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Sex Trafficking is Human Trafficking Essay

As I prepared for this assignment I wanted to research the subject matter of Human Trafficking, I believed this was an international issue that would prepare me for working with issues in third world countries. Instead I was confronted with the realization that this occurs not only in the United States, but in my own state of Wisconsin. The issue at hand, sexual trafficking of minors occurring every day and our role as therapists within this traumatic realm. Experts estimate that nearly 300,000 children are at risk of sexual exploitation in the environment of prostitution every year. Youth who are homeless, neglected, abused by their family members, and runaways are the target of “pimps” who bring them into the world of prostitution, drug abuse, and further physical and mental abuse. United Stated Federal Law states that prostitution is a form of human trafficking, and yet many states do not offer legal protection for minors who are victimized, but rather treat our youth as criminals bringing further trauma to them. (PolarisProject.org) Summary of the Case:

A landmark legal case took place in 2010 in the state of Texas when a Supreme Court ruling was handed down that children in prostitution are victims, not criminals and that child victims of prostitution should be provided counsel, rehabilitation, and treatment services. A child victim should not be placed in a detention system. This ruling stemmed from an incident of a 13 year old girl who consented to sex when she flagged down an undercover police officer and offered to engage in oral sex for twenty dollars and was arrested for prostitution. The trial (Family Court) found her guilty of a Class B misdemeanor of prostitution and was sentenced to 18 months of probation. Later, the court of appeals upheld the previous judgment. However, when presented to the Texas Supreme Court, the case was reversed with a 6-3 decision in favor of the teenager.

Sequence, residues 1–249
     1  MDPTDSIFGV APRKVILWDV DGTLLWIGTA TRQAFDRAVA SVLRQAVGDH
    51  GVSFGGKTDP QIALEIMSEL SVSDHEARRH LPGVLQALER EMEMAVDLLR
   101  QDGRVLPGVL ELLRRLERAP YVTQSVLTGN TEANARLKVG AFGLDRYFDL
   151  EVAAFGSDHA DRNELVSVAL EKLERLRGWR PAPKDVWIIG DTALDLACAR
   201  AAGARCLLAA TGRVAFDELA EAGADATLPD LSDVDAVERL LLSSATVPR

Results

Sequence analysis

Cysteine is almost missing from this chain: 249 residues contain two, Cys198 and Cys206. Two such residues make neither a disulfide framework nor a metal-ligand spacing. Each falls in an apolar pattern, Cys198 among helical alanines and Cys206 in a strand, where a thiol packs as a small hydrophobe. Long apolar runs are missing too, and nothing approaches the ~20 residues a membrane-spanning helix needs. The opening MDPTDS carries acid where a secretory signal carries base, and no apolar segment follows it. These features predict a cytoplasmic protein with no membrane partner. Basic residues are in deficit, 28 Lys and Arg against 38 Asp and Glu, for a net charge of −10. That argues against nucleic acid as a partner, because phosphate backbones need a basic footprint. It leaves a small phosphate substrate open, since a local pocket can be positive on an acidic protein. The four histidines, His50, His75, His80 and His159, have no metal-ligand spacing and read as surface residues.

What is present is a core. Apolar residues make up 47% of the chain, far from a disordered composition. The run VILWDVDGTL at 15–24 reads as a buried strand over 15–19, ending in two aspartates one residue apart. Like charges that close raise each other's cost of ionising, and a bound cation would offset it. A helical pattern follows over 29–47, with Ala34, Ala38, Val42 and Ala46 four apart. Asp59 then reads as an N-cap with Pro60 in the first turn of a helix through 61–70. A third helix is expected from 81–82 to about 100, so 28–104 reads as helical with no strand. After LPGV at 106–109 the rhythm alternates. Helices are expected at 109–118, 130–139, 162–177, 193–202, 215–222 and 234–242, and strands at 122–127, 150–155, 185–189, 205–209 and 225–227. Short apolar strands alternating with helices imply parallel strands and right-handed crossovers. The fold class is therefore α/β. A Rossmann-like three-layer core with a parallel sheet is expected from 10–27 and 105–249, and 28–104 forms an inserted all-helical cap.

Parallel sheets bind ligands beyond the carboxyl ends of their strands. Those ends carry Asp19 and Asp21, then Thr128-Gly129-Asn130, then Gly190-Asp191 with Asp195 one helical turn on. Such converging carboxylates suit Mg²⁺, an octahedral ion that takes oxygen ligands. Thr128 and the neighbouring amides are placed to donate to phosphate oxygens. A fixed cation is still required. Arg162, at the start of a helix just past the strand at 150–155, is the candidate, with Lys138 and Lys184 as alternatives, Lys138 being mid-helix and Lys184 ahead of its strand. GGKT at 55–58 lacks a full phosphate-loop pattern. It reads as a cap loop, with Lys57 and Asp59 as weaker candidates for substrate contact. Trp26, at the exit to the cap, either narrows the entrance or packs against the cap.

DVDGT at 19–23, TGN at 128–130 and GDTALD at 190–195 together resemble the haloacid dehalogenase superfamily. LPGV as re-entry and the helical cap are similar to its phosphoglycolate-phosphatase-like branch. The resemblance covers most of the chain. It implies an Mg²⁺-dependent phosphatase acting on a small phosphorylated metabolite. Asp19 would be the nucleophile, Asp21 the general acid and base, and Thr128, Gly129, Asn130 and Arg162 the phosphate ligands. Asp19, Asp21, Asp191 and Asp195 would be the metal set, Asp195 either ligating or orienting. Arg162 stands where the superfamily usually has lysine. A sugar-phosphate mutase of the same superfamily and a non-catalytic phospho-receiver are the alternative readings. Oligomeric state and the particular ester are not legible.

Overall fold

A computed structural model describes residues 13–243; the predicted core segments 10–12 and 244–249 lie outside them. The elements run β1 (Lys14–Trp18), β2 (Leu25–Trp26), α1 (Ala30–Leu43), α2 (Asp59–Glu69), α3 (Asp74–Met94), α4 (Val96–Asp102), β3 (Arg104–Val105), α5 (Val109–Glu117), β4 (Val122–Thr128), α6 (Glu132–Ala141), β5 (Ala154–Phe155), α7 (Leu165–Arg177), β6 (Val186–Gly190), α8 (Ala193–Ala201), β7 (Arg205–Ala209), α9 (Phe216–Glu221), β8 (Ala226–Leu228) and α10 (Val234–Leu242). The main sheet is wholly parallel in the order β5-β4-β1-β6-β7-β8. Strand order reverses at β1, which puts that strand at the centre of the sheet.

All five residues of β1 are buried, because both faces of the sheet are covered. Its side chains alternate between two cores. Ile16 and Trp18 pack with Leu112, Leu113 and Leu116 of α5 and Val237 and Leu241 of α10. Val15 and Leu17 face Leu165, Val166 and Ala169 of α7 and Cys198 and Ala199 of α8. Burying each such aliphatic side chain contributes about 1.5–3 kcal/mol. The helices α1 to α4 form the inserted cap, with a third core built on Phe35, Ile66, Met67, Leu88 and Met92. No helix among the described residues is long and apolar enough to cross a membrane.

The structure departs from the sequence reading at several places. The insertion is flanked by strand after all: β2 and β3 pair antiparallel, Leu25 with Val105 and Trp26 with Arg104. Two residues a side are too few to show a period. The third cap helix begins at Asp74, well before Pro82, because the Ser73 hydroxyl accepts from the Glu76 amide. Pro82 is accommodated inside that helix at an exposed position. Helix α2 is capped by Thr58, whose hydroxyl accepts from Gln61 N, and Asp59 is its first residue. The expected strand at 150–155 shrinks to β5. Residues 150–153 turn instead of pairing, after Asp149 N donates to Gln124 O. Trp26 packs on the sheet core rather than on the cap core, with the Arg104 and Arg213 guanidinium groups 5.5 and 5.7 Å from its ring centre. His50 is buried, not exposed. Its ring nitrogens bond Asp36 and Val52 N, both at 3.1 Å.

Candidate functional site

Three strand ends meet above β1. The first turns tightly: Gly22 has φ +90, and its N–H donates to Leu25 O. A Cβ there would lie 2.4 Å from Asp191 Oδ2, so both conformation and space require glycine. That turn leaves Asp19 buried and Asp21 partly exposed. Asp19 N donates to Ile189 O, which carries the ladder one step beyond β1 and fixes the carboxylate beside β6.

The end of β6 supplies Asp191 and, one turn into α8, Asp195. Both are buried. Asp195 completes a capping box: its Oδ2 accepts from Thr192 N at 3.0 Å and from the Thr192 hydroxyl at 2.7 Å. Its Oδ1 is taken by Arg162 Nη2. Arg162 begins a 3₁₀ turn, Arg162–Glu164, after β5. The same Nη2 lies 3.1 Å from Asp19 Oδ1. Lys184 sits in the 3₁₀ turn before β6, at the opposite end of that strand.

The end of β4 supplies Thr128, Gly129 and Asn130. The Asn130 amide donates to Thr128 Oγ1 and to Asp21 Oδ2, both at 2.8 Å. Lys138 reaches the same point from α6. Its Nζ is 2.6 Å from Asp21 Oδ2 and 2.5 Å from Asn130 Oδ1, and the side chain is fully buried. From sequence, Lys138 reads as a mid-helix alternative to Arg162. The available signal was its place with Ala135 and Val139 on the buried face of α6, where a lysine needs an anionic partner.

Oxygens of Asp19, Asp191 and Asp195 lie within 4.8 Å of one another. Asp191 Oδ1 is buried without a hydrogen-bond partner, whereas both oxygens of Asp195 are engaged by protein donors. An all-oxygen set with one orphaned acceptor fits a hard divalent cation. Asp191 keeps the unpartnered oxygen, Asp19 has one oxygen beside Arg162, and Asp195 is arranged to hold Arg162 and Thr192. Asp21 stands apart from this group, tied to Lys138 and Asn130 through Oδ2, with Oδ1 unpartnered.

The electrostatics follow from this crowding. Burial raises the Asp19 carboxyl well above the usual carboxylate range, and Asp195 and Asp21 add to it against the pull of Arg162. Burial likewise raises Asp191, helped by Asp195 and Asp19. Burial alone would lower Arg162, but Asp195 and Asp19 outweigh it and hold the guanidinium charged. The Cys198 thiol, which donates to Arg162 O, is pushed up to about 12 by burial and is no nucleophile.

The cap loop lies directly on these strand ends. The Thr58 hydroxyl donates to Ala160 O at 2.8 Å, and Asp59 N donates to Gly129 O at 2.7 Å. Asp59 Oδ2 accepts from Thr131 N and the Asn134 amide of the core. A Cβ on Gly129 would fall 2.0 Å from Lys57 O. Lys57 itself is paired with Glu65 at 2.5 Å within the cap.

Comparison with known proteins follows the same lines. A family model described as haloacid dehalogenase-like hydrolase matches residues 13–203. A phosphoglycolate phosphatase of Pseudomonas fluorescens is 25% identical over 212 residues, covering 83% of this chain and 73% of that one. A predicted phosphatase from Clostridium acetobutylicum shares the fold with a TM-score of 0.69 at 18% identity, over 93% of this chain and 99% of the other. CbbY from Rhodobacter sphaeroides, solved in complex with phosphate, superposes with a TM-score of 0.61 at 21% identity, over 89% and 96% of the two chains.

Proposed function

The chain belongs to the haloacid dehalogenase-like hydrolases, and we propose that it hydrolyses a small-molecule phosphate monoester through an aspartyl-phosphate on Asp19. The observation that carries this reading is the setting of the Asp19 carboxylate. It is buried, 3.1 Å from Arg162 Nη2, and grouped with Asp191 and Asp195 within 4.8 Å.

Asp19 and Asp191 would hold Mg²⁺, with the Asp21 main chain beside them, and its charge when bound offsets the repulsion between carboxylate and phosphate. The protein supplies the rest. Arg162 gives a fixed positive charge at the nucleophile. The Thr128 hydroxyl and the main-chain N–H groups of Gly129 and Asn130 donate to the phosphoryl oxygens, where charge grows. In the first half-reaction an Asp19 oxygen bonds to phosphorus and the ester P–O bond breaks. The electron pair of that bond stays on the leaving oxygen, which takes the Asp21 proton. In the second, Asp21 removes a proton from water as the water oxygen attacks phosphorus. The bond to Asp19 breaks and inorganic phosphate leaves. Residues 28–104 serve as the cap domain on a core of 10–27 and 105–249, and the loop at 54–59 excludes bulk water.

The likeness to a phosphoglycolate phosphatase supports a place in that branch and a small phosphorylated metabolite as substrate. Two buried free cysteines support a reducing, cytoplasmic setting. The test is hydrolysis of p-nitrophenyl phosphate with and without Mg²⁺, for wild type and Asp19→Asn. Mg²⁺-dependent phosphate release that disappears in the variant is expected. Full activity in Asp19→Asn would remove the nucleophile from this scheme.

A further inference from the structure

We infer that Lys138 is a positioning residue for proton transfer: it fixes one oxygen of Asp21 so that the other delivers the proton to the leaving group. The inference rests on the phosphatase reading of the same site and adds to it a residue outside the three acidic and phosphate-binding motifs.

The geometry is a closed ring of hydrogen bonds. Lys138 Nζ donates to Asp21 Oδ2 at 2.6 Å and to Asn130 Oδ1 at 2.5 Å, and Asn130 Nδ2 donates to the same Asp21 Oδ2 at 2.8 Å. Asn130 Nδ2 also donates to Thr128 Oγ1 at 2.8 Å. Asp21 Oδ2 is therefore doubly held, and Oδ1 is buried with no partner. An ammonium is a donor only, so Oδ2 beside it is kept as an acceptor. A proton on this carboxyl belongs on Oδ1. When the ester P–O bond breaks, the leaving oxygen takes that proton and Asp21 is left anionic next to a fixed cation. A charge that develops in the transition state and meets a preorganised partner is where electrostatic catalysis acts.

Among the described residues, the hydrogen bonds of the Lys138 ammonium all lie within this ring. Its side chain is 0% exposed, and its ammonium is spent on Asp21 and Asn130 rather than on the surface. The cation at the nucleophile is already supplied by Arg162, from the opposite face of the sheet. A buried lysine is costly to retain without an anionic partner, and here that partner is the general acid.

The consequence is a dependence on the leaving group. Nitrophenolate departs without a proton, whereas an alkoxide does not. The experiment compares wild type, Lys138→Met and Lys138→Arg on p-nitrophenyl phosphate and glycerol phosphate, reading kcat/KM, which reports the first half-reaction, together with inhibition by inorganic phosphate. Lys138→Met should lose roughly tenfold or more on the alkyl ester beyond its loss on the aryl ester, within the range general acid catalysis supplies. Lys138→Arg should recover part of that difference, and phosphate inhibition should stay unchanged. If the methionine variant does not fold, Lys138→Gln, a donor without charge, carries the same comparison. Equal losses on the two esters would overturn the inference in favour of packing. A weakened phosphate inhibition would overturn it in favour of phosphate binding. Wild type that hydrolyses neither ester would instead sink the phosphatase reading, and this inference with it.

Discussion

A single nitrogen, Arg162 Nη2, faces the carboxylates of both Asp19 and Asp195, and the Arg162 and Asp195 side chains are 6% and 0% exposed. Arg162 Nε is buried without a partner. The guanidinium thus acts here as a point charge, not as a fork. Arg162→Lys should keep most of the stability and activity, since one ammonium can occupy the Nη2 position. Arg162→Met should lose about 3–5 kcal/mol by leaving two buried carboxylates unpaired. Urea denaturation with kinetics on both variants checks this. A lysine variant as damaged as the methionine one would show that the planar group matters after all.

The Supreme Court argued that a minor under the age of 14 cannot understand the impact of agreeing to engage in sexual activity and therefore cannot fulfill the “knowing” requirement of the prostitution common law. Furthermore, children cannot be considered guilty of an act which involves their own sexual exploitation. When prostitution law was enacted it was not the intention to transform a child victim of sexual exploitation into a juvenile offender. The Supreme Court ruled that when a perpetrator is compelling a minor under the age of 18 to commit prostitution the sentence is a 2nd degree felony and there are harsher penalties if the child is under the age of 14. (Supreme Court of Texas 2010) Ethical and Legal Implications

Sexual exploitation is heinous and regardless of what level it takes place there are actions necessary both legally and ethically that we need to impose and adhere to in our profession to aid in the prevention of this progressing further. Ethically we are guided by our Codes of Conduct as to steps we must take in the event we are exposed to this behavior. Legally most states have mandates or statutes in which we must abide by in order to avoid self-implication and face strict legal penalties. ACA Codes of Conduct: